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Antimicrobial Resistance 2020

Diagnostic tests are vital in the fight against antimicrobial resistance

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Doris-Ann Williams MBE

Chief Executive, British In Vitro Diagnostics Association

The coronavirus pandemic has focussed the world’s attention on the role and importance of diagnostic testing.

Diagnostic tests provide essential data to support treatment decisions; 70% of patient information comes from diagnostic tests. Many tests are done in hospital laboratories, but increasingly, technological improvements are enabling access to tests outside traditional settings.

Keeping the focus on the AMR crisis

Diagnostic testing is also critical to managing antimicrobial resistance (AMR). During this year, AMR, like so many other healthcare issues and diseases, has been overlooked while the global population struggles with the COVID-19 pandemic. Yet AMR remains a global health disaster that is already killing 700,000 people a year. It is predicted to cause 10 million deaths each year by 2050 if the current situation is not improved.

70% of patient information comes from diagnostic tests.

Hence it is vital to remember that this huge threat to public health has not gone away. We need to reduce the inappropriate use of both antibiotics and antimicrobials, to ensure they remain active against pathogens when needed most.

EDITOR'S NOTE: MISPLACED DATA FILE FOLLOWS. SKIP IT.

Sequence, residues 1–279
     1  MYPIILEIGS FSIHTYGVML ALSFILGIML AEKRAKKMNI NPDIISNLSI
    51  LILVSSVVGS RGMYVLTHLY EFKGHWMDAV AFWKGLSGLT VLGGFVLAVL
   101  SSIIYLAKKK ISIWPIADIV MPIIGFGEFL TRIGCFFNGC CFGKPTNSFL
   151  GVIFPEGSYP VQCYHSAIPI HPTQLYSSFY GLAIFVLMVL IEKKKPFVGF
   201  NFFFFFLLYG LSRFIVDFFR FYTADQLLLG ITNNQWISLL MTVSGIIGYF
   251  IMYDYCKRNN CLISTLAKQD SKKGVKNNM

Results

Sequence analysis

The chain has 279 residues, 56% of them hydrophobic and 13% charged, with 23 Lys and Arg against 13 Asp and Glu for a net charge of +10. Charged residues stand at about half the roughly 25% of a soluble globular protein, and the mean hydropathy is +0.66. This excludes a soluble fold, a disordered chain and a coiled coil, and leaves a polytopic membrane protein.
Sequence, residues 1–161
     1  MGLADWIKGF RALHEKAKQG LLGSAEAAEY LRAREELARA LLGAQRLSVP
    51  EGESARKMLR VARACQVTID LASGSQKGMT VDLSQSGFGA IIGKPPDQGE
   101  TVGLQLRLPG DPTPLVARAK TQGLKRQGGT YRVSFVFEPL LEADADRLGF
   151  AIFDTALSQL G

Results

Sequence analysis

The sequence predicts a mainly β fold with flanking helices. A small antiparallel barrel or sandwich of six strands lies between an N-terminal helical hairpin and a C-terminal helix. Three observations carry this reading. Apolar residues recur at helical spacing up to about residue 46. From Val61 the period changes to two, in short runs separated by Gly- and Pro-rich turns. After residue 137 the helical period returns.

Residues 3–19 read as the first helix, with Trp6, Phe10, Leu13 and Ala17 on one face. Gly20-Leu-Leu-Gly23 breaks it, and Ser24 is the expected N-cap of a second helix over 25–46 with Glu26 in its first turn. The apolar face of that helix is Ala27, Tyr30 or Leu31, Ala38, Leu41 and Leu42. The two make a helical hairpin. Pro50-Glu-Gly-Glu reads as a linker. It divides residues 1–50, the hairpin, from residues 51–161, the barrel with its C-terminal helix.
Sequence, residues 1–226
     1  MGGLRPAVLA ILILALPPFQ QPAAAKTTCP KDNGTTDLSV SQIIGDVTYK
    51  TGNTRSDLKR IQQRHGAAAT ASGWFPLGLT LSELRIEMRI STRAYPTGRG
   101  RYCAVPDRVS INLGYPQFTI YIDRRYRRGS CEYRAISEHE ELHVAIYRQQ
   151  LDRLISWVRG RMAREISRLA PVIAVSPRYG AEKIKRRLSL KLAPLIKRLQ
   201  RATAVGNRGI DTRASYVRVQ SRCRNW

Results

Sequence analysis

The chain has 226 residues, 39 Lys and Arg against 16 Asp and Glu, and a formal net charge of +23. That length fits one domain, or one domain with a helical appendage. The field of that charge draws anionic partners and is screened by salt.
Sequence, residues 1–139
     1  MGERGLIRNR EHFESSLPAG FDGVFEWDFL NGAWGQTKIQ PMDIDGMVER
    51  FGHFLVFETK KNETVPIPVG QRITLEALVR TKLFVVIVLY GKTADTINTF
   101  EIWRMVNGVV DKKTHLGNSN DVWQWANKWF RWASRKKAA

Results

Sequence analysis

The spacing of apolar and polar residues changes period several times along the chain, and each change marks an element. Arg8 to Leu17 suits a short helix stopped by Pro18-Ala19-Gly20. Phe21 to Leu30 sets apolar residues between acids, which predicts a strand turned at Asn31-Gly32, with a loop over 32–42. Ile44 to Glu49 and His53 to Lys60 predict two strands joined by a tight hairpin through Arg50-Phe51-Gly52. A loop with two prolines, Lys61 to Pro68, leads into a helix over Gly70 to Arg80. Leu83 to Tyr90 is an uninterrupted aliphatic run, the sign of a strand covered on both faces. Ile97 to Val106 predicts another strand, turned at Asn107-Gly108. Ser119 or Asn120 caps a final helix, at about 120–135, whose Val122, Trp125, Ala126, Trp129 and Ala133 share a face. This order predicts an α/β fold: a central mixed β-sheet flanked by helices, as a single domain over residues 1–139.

Helping to diagnose patients more efficiently

Diagnostic testing can play a key role in antibiotic stewardship. For example; managing winter hospital admissions with influenza or pneumonia. Tests can distinguish between a bacterial or viral infection, allowing their symptoms to be treated most appropriately.

Critically ill patients with suspected infection need to be tested to diagnose the underlying pathogen, or alternatively to rule-out sepsis which can rapidly become fatal or leave people with life changing damage.

Furthermore, with COVID-19, almost all patients admitted to hospital are given a five-day course of empiric antibiotics despite the low incidence of bacterial superinfections. Using diagnostic tests gives clinicians confidence to stop inappropriate antibiotics much earlier, helping the fight against AMR.

Diagnostic tests provide critical pieces of information to support patient treatments and to monitor if treatments are effective. While the tests can seem simple, there is an entire segment of the life sciences industry concentrating on developing and manufacturing these tools and the equipment required to perform them using the latest biotechnology. These are the weapons we need to deploy on the frontline in this ongoing battle against AMR.

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